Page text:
Atascadero Rail Depot
E.G Lewis had been trying to get the Southern Pacific Railroad Company to build a passenger/freight depot in Atascadero for years. Lewis had built a small rail depot close to the Curbaril Road rail crossing. This “depot” only had one small building where passengers could wait to remain out of the elements. As Atascadero grew, Lewis knew he needed a larger rail depot. Lewis was trying to get the S.P.R.R to build the depot voluntarily with no luck. In 1921, the Atascadero Chamber of Commerce penned a letter to the railroad commissioner asking that Southern Pacific build and maintain a suitable depot for the community. The Chamber’s argument was that Atascadero had transformed from “one family of six persons to a town of over 400 private homes costing $1.2 million and that the cattle ranch had been converted into a fruit region with 4,000 acres of trees…” In 1921, Southern Pacific granted the community a rail depot. The station was completed in May of 1922 at the cost of $35,000. It was constructed in the Italian renaissance style. Southern Pacific removed the station from Service in the late 1950s and it was torn down in 1964. The station's location was nearly directly under the Highway 41 bridge in Atascadero.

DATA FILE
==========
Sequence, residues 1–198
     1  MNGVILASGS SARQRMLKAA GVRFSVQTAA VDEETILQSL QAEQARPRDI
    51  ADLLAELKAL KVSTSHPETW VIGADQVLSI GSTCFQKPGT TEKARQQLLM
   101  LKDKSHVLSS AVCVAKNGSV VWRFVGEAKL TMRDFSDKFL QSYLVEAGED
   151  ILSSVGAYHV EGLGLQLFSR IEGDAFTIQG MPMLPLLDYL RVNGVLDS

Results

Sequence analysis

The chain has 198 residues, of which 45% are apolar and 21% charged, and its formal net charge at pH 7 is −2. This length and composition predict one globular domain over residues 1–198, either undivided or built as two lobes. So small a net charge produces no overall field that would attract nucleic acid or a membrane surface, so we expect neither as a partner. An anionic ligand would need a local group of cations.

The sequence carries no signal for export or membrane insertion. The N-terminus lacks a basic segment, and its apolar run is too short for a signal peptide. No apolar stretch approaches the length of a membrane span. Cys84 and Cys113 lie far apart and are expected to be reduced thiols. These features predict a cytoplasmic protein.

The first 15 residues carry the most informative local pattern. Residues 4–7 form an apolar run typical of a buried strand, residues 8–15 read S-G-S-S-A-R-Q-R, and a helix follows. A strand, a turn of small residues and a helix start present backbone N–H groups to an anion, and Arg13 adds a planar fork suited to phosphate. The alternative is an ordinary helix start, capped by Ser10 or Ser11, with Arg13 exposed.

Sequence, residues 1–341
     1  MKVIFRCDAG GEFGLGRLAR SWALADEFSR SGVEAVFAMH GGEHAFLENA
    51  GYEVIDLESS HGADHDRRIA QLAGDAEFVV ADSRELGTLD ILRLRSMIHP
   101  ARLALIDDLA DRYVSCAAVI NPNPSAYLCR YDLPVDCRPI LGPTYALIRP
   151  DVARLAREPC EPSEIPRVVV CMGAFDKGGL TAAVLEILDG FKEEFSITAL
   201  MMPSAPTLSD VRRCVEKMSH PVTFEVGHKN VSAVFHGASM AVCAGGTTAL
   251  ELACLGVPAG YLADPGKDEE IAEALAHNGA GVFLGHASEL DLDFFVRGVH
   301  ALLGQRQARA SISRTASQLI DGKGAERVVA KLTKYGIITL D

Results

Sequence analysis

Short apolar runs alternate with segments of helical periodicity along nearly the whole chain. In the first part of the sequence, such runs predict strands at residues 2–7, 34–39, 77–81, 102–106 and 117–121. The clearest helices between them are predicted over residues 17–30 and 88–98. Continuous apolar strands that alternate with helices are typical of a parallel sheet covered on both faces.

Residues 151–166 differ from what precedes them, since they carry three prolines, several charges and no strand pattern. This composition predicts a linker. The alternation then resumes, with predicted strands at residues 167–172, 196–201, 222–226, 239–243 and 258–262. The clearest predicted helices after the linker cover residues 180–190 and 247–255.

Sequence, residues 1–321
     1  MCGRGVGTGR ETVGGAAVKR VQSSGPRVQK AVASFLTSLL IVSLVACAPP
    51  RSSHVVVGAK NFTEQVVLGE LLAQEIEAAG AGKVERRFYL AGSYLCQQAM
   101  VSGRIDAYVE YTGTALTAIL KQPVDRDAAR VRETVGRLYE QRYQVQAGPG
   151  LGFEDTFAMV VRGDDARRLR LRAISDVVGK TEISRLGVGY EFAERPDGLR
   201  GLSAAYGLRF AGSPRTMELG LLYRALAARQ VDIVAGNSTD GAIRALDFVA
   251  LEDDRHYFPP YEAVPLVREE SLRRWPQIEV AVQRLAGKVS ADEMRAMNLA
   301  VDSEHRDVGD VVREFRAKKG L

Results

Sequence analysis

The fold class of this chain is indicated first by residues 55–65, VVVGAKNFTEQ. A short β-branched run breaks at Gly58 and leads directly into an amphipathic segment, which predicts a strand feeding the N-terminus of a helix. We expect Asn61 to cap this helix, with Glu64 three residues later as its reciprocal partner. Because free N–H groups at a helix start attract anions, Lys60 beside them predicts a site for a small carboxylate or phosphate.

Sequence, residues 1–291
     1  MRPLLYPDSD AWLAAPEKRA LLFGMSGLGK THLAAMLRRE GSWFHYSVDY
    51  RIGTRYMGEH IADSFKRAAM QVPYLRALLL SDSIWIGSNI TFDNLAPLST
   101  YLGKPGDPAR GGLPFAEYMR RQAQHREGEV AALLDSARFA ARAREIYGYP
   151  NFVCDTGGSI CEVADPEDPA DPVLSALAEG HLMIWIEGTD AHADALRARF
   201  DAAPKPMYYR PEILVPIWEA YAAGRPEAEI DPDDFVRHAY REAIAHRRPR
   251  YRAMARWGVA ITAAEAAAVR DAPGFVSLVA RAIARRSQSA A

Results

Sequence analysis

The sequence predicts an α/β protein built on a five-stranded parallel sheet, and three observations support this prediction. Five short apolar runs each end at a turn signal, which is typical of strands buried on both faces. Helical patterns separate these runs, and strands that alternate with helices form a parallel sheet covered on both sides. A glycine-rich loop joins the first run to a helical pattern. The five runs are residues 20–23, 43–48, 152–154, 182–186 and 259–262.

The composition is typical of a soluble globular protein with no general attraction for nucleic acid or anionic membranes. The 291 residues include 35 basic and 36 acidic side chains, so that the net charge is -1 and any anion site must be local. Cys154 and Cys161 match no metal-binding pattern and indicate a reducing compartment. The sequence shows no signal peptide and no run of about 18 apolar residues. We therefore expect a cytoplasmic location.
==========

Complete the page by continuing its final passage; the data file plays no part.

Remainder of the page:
Backstory and Context
Edward Gardner Lewis purchased 23,000 acres of rolling hills from J.H. Henry in the Spring of 1913. The Atascadero Colony was created by Lewis who formed the Colony Holding Corporation to take care of promoting the Atascadero enterprise. It was referred to as a “dream city”. His motto was, “all the advantages of country life with city conveniences”. The rail depot hoped to put Atascadero on the map but did not bring in the travelers that E.G Lewis had originally hoped for.
Allan, Lon W.. Atascadero: The vision of one -The work of many. Atascadero, CA. Mike Lucas.
Atascadero Historical Society Database